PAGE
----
The author, Patricia Lichen, is a long-time friend, and a real-life pirate. When my partner and I headed off to Peru to meet Wonder Babe’s other grandparents, Pat took me aside and told me that if I needed a good criminal attorney in Lima, she knew one. Not something I’d ever considered when traveling  before.

Seems Pat did a stint with Greenpeace back  in the day, and was arrested twice for chaining herself to the harpoons on whaling vessels. Hence the charges of piracy on the high seas. And the criminal lawyer in Peru.

Pat is a naturalist and writes a great blog at http://www.patriciaklichen.com/ where she will tell you weird things about opossum penises and dandelions and other such things. She also wrote some other books which Puddletown will be publishing in e-book form. You can find out more at her blog.

This week, in honor of Earth Day, we will be dropping the price of Pat’s book to $.99. Please buy a copy. You’ll be glad you did. It’s a great read and you’ll learn to REAL way to poop in the woods.

This post brought to you by kitchens, kitch, kittens, and killjoys everwhere. And by the numerical concept, kilo.

J is for Justice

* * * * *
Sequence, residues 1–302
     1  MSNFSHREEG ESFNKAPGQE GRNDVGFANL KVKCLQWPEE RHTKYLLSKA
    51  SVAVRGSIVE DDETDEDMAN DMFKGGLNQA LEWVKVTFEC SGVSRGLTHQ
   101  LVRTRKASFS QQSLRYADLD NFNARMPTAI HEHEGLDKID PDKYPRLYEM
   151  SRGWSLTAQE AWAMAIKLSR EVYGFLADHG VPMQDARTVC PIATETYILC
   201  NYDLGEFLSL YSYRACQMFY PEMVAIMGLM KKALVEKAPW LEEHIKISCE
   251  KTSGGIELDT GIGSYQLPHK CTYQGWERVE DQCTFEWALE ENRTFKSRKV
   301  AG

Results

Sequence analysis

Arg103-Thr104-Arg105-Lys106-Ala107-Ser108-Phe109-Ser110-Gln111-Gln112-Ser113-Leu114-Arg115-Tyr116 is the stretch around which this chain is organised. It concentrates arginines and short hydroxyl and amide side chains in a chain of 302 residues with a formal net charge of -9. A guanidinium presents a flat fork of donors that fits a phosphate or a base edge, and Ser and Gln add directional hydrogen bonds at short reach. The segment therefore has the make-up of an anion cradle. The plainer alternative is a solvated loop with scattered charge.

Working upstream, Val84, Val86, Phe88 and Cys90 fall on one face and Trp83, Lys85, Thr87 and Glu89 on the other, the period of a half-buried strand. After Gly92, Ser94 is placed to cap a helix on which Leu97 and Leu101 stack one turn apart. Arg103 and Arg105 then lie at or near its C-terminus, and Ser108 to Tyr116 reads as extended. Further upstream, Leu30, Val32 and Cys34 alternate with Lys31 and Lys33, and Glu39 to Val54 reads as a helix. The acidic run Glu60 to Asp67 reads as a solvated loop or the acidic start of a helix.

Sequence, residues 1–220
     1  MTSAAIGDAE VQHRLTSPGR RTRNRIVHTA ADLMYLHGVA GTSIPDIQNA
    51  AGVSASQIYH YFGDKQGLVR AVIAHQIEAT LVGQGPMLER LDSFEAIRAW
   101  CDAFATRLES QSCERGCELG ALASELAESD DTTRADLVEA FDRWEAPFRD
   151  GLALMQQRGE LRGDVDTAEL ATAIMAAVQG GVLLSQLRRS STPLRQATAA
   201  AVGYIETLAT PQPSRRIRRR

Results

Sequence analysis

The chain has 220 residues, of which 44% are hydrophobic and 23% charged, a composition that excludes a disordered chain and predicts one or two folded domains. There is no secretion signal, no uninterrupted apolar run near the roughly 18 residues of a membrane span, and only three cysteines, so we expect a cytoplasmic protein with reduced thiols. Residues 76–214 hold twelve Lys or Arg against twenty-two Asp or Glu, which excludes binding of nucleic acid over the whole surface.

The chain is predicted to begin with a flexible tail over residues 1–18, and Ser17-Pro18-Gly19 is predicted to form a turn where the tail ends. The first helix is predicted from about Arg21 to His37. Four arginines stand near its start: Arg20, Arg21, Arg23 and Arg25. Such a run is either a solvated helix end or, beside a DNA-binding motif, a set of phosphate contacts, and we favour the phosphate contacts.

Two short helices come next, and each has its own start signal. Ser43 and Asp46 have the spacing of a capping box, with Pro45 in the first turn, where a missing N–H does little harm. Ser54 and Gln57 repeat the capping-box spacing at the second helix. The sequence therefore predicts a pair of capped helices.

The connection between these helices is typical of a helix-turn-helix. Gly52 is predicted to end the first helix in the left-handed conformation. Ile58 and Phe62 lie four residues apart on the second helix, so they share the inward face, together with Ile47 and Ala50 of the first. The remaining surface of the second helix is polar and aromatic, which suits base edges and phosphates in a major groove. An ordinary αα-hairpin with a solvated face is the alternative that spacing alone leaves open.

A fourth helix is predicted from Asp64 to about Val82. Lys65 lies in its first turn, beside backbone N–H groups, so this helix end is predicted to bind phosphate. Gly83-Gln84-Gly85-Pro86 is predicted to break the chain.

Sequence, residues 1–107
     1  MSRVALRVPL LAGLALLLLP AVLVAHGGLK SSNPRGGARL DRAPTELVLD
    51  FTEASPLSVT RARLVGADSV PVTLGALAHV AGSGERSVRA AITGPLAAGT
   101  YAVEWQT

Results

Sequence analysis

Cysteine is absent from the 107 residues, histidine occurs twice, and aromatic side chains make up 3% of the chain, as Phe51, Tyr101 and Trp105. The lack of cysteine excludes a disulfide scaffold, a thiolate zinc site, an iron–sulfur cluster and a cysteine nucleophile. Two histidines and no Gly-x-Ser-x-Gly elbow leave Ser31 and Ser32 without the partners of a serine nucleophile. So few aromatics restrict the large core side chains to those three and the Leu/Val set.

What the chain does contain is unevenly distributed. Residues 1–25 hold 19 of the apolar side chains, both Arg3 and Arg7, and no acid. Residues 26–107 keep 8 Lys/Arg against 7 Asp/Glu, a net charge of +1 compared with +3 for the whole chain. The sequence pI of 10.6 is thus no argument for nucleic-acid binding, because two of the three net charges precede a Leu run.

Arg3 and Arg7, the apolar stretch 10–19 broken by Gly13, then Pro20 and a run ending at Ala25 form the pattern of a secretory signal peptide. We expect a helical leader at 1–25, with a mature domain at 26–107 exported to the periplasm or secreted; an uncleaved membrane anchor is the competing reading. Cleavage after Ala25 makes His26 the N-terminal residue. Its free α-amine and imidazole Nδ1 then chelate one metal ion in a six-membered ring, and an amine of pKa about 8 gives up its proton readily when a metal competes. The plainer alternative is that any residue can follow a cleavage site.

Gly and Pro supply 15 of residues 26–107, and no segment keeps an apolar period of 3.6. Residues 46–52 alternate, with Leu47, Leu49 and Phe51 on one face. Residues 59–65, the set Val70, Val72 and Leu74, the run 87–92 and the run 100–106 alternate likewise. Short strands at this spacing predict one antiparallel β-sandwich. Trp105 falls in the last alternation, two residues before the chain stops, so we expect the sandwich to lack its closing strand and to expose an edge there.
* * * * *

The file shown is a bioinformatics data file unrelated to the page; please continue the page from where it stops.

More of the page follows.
Justice may seems like an odd topic for a post on writing, but I firmly believe that writers have a responsibility to always work for justice in their writing. Writing is more than just scribbling some words on paper, or selling those words to pay the electricity bill. Writing is a larger calling, a call to produce something that is true, that is good, that is beautiful.

As writers, I believe we have several obligations to the larger community:

  1. To bear in mind that among those reading our words there will be some who are hurting, some who are filled with joy, some who are searching, and some who are devastated. We have a responsibility to be aware of all of them.
  2. The language we use must be just. That doesn’t mean we can’t swear if it’s appropriate, or talk about difficult subjects. But we need to remember that not every person reading our work is white, middle class, educated, Christian, or anything else that fits the hypothetical American norm. Is it just to hurt our readers by inappropriate and archaic language used to describe ethnic, religious, sexual minorities, or any other group that is still smarting from decades or centuries of abuse.
  3. I believe that we should make our words strive toward justice. Does our story work for the greater good? Are we stretching ourselves to learn new ways of being in the world and new ways to learn with our neighbors? And are we incorporating that in our work?

There’s probably more, but I’m tired. More later. Maybe.

This post brought to you by the words jam, junko, joy, and jambalaya. And by the author James Joyce. And the month January.